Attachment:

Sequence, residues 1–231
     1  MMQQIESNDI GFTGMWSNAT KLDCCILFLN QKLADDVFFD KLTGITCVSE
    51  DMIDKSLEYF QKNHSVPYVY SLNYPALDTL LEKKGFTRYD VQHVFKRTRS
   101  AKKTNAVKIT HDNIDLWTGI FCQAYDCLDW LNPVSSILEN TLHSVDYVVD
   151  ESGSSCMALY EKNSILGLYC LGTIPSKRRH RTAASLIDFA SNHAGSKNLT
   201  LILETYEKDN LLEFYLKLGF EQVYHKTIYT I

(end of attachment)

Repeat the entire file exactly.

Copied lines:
Sequence, residues 1–231
     1  MMQQIESNDI GFTGMWSNAT KLDCCILFLN QKLADDVFFD KLTGITCVSE
    51  DMIDKSLEYF QKNHSVPYVY SLNYPALDTL LEKKGFTRYD VQHVFKRTRS
   101  AKKTNAVKIT HDNIDLWTGI FCQAYDCLDW LNPVSSILEN TLHSVDYVVD
   151  ESGSSCMALY EKNSILGLYC LGTIPSKRRH RTAASLIDFA SNHAGSKNLT
   201  LILETYEKDN LLEFYLKLGF EQVYHKTIYT I